wwWhite Witch (Coven #1) by Trish Milburn
Release Date: March 1, 2012
Publisher: Bell Bridge Books
Source: NetGalley
Rating: starstarstarstarblank_star
Buy It: Amazon | IndieBound

Witchcraft Is Her Family’s Business.

No One Quits The Family And Lives To Tell About It.

“Jax” Pherson has power, enough power to know her future will end in service to the dark coven her father controls. Unless she can stay hidden in a small community in the mountains of North Carolina. She must find a way to live without magic and deny the darkness she feels welling up inside her—the same dark power that fuels the covens around the world. All she wants is a normal life. A boyfriend. Friends. Some place to belong, but all too soon Jax’s barely begun new life hangs in the balance when she discovers that the boy she’s attracted to is sworn to kill her kind. He’s a hunter with good reason to kill everything that goes bump in the night. Even the most fleeting use of her power is tantamount to signing her death warrant and will bring both hunter and coven down on her. But can she walk away when her friends are threatened by an old evil? Something created by the magic of witches? Jax’s only hope of survival is to convince the boy she loves to forget everything he’s ever been taught and help her find a way to fight the covens. To believe there is some good in her.


Before I start, I have a question. What is it about fantasy that makes every author ever decide their protagonist can’t dye their hair? What is it about supernatural DNA that makes something supposedly dead resistant to dye? It’s dead! It’s not resistant to anything because it doesn’t need to be! I don’t pretend to be an expert on all the different variations of witch in YA, but really, this is a stupid inconvenience. Even if she’d been able to dye her hair, Jax is terrible at fitting in and “blending.” Guys want her, girls are jealous of her. She’s naturally stronger than most humans, she’s a great artist, and she’s beautiful. She’s even used to attracting boys wherever she goes. I like that last part. She’s used to male attention, so when she actually notices someone, it really matters. Case in point, the hunter, a guy named Keller. (Despite how it sounds, I liked the beginning of this book! Toni in particular is awesome.)

So the plot of this novel is basically “hope Jax’s family doesn’t find her,” which means we focus on the romance. And I kind of loved it to be honest. I like Keller, he seems loyal and reasonable while remaining cautious and levelheaded. He reacts in what I consider to be “the right way” when he finds out what Jax is. I like Jax too, maybe because she has managed to find female friends and doesn’t spend all her time calling other girls “sluts” (which is a change from a lot of YA, sadly).  Despite Jax’s utter failure at being normal, I liked her a lot and really rooted for her and Keller.  When the inevitable “conflict” happens, I think they both handle it well, even though Keller hurts Jax’s feelings.  When they make up (and you know they do), it’s cute and natural.  So, while I may have issues with the name Keller (Neil Kellerman comes to mind) (oh god, I really showed my age there, didn’t I?), I approve of their relationship.  Maybe I should give up PNR for adults and stick solely to YA PNR.  That way I’ll only ever have to visit one section of Barnes and Noble!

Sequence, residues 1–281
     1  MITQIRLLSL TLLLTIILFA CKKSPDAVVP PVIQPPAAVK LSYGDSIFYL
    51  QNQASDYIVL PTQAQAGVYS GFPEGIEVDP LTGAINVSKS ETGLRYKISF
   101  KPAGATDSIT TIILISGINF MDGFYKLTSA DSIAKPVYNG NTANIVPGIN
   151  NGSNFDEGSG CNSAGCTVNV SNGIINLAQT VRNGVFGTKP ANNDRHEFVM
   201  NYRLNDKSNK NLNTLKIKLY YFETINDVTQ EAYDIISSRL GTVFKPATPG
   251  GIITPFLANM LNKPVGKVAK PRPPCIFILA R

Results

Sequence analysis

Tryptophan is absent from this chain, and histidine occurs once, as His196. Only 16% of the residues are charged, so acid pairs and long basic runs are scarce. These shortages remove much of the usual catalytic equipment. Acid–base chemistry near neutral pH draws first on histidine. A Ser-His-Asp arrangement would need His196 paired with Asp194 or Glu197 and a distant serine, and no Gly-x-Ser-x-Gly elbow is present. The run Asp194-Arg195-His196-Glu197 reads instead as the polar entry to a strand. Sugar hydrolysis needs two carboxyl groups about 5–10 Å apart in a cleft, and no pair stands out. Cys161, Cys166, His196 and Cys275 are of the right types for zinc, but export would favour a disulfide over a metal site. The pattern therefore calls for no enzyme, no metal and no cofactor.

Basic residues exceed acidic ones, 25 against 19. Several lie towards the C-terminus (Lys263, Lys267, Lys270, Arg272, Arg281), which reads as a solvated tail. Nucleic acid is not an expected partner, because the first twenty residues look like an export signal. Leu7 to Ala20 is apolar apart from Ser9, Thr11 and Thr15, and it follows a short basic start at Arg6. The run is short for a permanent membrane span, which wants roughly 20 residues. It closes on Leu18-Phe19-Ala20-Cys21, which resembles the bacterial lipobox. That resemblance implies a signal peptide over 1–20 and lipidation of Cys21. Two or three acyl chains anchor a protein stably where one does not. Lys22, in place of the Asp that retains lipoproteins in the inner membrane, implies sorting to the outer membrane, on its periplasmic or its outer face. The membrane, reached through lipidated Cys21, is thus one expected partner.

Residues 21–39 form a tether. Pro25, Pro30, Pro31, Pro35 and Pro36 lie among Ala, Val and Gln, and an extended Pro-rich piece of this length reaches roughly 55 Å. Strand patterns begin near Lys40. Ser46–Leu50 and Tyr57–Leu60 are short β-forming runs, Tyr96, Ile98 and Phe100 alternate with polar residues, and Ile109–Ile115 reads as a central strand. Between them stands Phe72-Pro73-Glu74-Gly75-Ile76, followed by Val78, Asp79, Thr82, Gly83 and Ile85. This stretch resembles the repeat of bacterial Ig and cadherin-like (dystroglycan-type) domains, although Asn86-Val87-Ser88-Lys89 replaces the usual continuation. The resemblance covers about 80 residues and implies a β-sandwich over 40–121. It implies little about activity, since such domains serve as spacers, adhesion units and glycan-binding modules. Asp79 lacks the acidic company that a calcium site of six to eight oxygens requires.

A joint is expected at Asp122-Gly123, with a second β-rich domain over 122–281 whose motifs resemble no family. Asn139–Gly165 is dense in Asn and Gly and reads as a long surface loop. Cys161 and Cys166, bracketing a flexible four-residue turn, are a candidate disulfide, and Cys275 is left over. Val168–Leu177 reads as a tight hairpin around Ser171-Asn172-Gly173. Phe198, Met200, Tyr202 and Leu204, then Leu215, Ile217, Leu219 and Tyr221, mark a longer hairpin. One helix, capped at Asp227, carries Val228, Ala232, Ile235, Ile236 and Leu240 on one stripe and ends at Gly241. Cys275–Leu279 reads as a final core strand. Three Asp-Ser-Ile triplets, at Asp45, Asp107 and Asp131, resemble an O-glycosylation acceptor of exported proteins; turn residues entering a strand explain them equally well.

Unfortunately, there is a moment where another witch, Egan the Male Witch in fact, brings Jax something, a book that is thought to be lost, and it basically answers all her questions. I find it kind of unbelievable that some teenage witches can figure out all these secrets while the adult are just drooling (evilly) in the background. I don’t believe in a hive mind, so why is this one random teenager the only one not brainwashed? There’s too much disbelief to be suspended in my case.   So, while there is an important page missing from the book, it’s sort of implied that everything will be fixed once they find the page.  This annoyed me for about two seconds, but then I remembered how much I like this book!  (Plus, they never find the page…)

Because you know what?  This book does not end happily.  People get hurt, both physically and in their hearts, and we don’t know what will happen next.  This is a cliffhanger the likes of which I’ve hardly seen, so I assume it’s a series.  That makes me super happy.  This book is fast-paced and to the point, with characters that have believable (for the most part) personalities and emotions, an evil witch coven, and star-crossed romance.  What’s not to love?